Los Carpinteros, Frío estudio del desastre (Frozen Study of a Disaster), 2005
We’re all for sensory stimulation, which is what The Kaleidoscopic Eye exhibition opening in Tokyo’s Mori Art Museum this month, is all about.
Featuring works from the internationally renowned Thyssen Bornemisza collection, the show offers sensory titillation on many levels – playing with imagination, memory, light and sound.
With a sci-fi catwalk from Carsten Holler, an exploding wall frozen in space with fishing line from Los Carpinteros, and Jeppe Hein’s chromatic ball rolling freely around Jim Lambie’s psychedelic floor patterns – The Kaleidoscopic Eye is all about optimum optical impact and bold sensory statements.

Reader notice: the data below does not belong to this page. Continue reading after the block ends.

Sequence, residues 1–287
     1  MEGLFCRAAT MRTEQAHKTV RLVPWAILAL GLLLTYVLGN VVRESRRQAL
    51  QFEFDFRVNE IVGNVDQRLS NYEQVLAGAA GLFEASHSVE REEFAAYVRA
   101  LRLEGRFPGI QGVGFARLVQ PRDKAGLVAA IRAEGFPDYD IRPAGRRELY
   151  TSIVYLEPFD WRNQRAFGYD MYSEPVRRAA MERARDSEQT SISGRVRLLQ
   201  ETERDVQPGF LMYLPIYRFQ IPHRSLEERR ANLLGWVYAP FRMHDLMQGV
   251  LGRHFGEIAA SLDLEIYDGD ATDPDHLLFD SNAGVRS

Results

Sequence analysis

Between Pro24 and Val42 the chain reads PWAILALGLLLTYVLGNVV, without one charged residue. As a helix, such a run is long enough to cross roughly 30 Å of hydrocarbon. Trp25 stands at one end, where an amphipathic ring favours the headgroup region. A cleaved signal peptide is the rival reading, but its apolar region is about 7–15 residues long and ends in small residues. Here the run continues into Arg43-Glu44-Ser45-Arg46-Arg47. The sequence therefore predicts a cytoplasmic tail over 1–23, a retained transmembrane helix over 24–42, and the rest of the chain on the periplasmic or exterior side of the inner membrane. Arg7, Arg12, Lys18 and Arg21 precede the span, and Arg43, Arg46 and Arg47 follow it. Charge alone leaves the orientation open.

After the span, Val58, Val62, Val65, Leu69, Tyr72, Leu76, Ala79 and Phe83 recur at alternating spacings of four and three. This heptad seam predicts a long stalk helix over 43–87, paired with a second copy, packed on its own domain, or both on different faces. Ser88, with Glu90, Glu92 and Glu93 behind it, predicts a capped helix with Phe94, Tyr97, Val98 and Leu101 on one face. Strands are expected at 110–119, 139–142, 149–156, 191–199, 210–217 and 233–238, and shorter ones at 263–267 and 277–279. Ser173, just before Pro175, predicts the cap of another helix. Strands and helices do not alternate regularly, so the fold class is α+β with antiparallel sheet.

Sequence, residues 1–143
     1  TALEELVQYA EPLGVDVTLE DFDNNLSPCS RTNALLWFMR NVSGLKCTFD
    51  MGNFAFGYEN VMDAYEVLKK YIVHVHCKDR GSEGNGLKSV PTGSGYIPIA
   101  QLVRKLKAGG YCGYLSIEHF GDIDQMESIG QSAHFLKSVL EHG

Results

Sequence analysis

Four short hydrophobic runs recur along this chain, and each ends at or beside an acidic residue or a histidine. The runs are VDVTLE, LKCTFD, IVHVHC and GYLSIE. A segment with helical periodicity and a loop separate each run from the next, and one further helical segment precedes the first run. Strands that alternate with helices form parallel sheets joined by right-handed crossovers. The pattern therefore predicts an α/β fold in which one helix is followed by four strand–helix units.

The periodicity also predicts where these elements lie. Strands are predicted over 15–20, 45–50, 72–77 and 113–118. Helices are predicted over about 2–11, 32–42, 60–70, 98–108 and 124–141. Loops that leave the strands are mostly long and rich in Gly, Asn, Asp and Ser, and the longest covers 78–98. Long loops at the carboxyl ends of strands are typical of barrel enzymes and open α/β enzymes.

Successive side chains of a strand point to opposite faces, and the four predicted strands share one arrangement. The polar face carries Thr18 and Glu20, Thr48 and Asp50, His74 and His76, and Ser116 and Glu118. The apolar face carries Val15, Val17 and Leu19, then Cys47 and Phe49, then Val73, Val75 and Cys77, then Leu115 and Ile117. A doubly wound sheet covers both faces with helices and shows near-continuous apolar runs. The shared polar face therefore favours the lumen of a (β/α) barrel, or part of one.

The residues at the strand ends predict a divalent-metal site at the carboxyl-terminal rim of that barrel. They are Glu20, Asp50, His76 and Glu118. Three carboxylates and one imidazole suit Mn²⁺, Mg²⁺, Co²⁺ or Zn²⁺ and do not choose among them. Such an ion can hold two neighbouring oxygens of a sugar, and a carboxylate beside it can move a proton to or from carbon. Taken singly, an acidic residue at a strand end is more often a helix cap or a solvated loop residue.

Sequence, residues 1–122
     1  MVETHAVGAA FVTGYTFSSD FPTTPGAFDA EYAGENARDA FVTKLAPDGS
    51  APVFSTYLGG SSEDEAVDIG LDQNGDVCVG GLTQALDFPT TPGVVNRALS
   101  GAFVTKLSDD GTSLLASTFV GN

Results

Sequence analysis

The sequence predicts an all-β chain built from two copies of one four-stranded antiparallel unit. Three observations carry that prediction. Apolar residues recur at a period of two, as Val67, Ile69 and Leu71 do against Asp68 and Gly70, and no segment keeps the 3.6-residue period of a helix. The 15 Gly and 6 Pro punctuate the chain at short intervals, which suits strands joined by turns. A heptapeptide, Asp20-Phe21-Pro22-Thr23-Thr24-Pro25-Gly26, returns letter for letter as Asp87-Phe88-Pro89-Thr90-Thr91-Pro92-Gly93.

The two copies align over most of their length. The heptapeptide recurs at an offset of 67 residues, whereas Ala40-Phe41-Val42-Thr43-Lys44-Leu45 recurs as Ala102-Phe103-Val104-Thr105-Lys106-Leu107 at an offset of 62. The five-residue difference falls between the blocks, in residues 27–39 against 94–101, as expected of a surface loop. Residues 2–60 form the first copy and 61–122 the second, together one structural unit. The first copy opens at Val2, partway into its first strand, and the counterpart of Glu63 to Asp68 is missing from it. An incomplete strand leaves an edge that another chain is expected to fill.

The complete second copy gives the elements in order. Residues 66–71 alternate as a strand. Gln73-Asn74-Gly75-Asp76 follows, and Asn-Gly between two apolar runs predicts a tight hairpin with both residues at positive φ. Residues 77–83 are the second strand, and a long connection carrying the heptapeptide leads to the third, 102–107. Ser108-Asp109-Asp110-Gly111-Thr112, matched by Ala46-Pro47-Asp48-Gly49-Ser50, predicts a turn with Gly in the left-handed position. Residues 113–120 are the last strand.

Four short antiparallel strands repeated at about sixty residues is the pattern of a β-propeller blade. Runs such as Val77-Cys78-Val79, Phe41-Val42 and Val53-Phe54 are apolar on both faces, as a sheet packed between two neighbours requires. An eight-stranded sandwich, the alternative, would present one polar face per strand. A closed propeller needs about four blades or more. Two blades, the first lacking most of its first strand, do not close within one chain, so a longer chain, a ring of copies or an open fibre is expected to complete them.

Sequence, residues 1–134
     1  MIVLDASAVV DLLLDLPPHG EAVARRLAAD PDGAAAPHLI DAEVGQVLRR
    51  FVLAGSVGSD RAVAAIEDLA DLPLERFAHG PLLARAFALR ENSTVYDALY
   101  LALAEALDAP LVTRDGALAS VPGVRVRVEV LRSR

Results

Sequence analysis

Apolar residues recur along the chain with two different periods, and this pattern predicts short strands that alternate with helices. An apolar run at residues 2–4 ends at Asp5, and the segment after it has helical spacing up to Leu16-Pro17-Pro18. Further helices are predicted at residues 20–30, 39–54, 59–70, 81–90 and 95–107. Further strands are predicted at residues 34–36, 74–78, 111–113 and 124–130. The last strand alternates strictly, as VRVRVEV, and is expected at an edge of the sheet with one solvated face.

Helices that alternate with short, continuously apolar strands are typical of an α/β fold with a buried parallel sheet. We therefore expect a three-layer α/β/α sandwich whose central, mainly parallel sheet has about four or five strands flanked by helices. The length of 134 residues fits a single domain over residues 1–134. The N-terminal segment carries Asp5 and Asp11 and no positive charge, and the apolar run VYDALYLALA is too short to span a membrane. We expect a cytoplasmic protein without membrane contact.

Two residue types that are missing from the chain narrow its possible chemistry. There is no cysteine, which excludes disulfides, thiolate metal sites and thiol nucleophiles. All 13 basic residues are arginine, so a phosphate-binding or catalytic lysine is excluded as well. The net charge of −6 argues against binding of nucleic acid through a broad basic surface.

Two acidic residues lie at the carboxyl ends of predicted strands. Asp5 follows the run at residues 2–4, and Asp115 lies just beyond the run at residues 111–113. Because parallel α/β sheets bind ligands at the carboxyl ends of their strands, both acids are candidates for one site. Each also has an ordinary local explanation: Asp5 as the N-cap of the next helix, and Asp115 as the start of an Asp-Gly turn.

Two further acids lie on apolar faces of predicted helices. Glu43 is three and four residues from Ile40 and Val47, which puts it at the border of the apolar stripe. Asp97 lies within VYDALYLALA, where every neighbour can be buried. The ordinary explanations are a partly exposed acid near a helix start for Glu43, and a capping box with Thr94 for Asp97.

Participation and stimulation are buzzwords of the moment at the Mori Museum and with everyone from Olafur Eliason to Tracey Emin on board, all the artistic bases seem to be covered.
Aside from the disco balls, bright lights and colour-happy contraptions that bulk out the wide-ranging show, there are also some rather more sedate pieces on offer. With delicate seismographic inspired drawings from Matthew Ritchie and film noir influenced sci-fi film work from Peter Tscherkassky, The Kaleidoscopic Eye is nothing if not a diverse artistic experience.